RENO, Nev. (775 Times, NV Globe) – As long as the weather and conditions permit, members of the Tahoe Fire & Fuels Team (TFFT) may carry out controlled fire operations in Lake Tahoe this week.
The USDA Forest Service may resume operations at Baldwin Beach while the Nevada Division of Forestry is set to burn hand heaps close to Incline Village.
There will be smoke.
Prescribed fires are a crucial ecological technique for forest management that land managers employ to safeguard communities by clearing out overgrowth (fuels) that may start uninvited wildland fires.
By clearing space for new growth, which offers food for wildlife, recycles nutrients back into the soil, and helps stop the spread of insects and disease in forests, burning excess vegetation also improves the health of the forest.
The milder temperatures and precipitation that fall and winter normally bring make planned fires possible.
Each operation adheres to a unique burn plan that takes into account the parameters for temperature, humidity, wind, vegetation wetness, and smoke dispersion. When and where to burn are decided using all of this information.
To return low-intensity fire into forests, prescribed fire managers employ a variety of techniques, including as pile, broadcast, and understory burning. Burning heaps of slash that were created by hand or with the use of machinery is known as pile burning. Under specified climatic circumstances and with the fire contained to a predetermined region, broadcast and understory burning employ low-intensity fire over the ground to clear fuels.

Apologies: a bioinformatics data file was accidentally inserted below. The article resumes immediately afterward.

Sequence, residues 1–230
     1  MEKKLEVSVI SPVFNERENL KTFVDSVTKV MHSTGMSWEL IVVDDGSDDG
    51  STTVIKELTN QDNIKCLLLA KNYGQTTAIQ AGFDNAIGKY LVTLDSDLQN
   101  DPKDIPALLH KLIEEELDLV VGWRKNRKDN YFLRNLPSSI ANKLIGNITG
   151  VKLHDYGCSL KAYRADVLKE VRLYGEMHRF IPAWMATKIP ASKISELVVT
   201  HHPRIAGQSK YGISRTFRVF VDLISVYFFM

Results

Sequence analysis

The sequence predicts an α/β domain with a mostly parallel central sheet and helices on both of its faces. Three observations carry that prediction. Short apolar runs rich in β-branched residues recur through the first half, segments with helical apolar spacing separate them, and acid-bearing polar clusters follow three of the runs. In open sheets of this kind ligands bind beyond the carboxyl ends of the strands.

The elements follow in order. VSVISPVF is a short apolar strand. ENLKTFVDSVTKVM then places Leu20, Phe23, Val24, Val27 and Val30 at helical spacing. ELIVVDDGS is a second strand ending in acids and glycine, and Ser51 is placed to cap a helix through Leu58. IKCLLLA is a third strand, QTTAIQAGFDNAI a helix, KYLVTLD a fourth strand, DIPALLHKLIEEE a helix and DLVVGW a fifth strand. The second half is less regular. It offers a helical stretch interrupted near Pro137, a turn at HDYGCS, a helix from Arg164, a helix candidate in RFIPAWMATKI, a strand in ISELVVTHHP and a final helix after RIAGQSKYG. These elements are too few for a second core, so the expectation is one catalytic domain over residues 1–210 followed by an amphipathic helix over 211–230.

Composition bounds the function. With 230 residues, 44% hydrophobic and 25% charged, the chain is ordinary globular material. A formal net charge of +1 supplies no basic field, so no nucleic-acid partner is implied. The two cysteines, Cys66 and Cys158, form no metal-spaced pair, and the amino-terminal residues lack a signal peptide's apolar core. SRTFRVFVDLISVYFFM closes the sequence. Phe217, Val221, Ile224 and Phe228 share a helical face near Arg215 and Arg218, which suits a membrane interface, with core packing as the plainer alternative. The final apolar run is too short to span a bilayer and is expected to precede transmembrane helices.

Prescribed fires are intended to replicate naturally occurring fire, which is a vital component of several ecosystems and creates fire behavior and fire characteristics necessary to achieve resource management goals.
The TFFT actively promotes the use of controlled burning where necessary and collaborates closely with air quality districts to minimize the negative effects of smoke on the general population.
Prescribed fire operations typically produce smoke, which may linger for many days following an ignition, depending on the scope, environmental factors, and weather.
Smoke from controlled burns often has a lower intensity and lasts for a much less time than smoke from unintentional wildfires.
“If prescribed fire smoke were equivalent to lighting a match, then wildfire smoke would be like lighting a bonfire,” said Washoe County Air Quality Specialist, Brendan Schneider.
Before starting a prescribed fire, agencies work with local and state air quality agencies to monitor the weather for ideal conditions that can disperse smoke. They also conduct test burns before lighting larger areas to see how well the vegetation is consumed as well as how the smoke rises and disperses before moving forward. Finally, they post signs on roads in the vicinity of prescribed fire operations, send emails to the prescribed fire notification list, and update the local official fire information database.
The TFFT offers as much warning as possible before burning, but due to the limited window of opportunity for conducting these initiatives, some operations may be carried out on short notice.
Visit AirNow to find the air quality right now. Visit Tahoe Living With Fire to view the project location and detailed map.
Credits: 2 NEWS
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